Presenters: Eirini-Christina Saloniki (University College London, UK) and Shereen Hussein (London School of Hygiene & Tropical Medicine, UK)
Video of the presentation:
The social care workforce faced unprecedented challenges during the COVID-19 pandemic, characterised by adverse working conditions, including low pay, high workload, and disproportional staff shortages. While the pandemic exacerbated these conditions, it also brought concerns about mistreatment of the workforce in the form of abuse – by co-workers, service users, their families, and the public. Such experiences can vary depending on personal and work characteristics, particularly affecting minority ethnic groups. They can subsequently impact workers’ wellbeing and the sector overall (in the form of quits).
This presentation will draw on findings from the first wave of a longitudinal survey as part of the Retention and Sustainability of Social Care Workforce (RESSCW) project. The analysis was conducted on 1,037 UK valid responses received between April and June 2021 and examined the impact of COVID-19 on workers’ working conditions, general health and wellbeing, and intentions to leave the employer and sector altogether. The findings highlight worrying experiences of abuse amongst the survey respondents, which vary significantly by nationality, ethnicity and care settings. The analysis further showcases the negative impact of experiencing abuse on work-life balance (and wellbeing more broadly) and intentions to quit whilst emphasising the need for targeted measures that promote workers’ physical, emotional and financial wellbeing.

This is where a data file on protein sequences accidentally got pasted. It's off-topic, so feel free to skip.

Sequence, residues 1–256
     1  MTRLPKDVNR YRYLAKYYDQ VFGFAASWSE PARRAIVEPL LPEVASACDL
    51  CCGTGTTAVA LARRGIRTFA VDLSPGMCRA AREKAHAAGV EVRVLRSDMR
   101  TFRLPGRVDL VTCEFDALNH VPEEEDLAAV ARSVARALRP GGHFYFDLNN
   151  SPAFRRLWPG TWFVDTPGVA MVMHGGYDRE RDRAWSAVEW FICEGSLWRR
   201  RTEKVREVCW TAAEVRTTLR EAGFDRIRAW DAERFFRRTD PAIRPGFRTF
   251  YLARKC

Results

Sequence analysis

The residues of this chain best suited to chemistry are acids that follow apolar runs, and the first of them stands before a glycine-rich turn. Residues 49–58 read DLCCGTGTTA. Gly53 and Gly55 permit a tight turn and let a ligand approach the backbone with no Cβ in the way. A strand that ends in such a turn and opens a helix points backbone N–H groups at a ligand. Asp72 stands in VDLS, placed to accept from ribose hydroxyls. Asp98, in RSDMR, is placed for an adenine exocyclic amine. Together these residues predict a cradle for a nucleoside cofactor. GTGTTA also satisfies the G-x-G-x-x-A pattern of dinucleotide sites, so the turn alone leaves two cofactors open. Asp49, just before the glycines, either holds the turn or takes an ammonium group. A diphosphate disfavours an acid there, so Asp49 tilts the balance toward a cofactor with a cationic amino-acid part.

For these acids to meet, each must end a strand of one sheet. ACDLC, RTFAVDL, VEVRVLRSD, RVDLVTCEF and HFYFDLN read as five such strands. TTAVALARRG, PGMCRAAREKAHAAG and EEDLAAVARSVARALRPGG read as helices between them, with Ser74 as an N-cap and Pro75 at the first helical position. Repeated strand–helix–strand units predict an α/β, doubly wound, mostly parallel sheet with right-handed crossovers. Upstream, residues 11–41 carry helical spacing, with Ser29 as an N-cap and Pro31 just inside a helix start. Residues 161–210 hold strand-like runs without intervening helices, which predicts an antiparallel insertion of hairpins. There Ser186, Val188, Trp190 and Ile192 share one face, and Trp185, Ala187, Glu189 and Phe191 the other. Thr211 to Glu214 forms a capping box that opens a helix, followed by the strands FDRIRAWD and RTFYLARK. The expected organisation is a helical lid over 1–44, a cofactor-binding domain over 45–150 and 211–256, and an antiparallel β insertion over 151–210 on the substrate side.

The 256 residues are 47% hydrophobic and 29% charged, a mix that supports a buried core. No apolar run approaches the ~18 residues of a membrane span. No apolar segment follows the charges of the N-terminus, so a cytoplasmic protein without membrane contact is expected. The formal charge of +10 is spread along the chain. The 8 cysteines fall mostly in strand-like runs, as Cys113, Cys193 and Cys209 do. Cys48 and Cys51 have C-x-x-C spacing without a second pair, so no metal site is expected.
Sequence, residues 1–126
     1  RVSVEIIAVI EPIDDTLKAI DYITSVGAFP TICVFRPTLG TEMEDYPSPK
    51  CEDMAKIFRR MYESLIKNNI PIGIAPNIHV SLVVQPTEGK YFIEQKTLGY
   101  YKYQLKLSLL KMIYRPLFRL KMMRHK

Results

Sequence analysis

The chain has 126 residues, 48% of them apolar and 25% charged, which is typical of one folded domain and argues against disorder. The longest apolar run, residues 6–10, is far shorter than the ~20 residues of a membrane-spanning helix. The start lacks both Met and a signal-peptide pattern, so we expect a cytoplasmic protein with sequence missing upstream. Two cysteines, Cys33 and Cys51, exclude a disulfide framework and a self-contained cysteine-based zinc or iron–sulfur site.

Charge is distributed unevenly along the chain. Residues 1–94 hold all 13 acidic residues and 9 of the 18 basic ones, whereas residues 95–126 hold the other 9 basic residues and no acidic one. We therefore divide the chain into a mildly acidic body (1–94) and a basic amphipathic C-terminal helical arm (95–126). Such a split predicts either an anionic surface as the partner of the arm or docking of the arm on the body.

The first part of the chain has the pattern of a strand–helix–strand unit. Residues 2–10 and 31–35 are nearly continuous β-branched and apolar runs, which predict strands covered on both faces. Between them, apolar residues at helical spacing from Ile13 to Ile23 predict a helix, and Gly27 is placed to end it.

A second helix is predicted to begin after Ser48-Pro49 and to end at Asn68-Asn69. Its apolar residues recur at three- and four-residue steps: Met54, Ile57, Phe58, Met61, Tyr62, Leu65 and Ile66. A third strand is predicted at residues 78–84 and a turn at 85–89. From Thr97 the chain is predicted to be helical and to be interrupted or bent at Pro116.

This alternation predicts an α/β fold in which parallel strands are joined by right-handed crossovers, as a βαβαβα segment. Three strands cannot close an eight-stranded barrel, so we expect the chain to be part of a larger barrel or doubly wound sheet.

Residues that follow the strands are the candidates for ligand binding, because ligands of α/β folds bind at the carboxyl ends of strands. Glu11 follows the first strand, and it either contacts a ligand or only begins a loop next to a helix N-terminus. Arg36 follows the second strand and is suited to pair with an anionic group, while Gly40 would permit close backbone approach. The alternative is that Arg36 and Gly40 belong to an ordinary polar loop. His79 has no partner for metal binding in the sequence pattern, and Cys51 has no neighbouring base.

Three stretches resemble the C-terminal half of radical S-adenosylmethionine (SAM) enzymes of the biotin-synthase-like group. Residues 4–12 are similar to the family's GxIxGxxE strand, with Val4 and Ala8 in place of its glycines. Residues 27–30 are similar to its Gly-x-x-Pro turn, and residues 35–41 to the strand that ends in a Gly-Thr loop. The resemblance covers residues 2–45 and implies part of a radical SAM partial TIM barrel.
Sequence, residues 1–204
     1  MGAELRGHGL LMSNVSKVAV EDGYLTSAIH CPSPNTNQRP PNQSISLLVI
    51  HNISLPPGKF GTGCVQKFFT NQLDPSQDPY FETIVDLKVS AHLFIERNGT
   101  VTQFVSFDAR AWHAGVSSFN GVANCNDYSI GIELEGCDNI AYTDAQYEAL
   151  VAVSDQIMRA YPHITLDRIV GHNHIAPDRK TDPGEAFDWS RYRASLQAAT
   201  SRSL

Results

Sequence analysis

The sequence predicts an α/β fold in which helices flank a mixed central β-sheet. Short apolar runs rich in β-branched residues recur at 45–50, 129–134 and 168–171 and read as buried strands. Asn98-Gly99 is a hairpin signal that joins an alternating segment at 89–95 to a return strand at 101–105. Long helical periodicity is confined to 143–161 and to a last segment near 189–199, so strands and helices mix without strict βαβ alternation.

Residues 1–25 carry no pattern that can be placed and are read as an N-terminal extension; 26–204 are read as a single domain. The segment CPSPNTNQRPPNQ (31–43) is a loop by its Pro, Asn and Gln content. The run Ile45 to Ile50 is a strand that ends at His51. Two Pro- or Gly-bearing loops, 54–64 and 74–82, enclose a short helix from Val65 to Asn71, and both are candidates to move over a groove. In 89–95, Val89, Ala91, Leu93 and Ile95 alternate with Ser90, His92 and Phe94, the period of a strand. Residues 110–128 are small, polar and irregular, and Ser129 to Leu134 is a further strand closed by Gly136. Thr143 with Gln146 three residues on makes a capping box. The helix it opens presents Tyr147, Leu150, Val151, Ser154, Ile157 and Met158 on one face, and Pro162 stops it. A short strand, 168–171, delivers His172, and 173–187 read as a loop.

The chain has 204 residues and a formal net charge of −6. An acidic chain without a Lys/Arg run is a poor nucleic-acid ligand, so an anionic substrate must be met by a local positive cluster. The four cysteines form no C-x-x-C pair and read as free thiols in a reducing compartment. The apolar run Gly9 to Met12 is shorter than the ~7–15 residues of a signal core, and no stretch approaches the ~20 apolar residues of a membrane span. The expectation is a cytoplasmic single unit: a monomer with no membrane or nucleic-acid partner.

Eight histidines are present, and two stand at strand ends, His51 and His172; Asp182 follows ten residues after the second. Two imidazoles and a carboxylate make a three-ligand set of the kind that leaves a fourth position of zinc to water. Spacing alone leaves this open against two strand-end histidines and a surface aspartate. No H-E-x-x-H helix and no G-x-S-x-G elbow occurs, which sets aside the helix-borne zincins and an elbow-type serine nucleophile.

Shereen Hussein (London School of Hygiene & Tropical Medicine), Grace Collins (University of Kent), Catherine Marchand (University of Kent) and the RESSCW research team
To find out more about this project:
COVID-19 and the wellbeing of the adult social care workforce: Evidence from the UK (Pulse survey findings)
Early findings from a social care workers’ longitudinal survey (Wave 1): COVID-19 implications (Longitudinal survey; wave one early findings)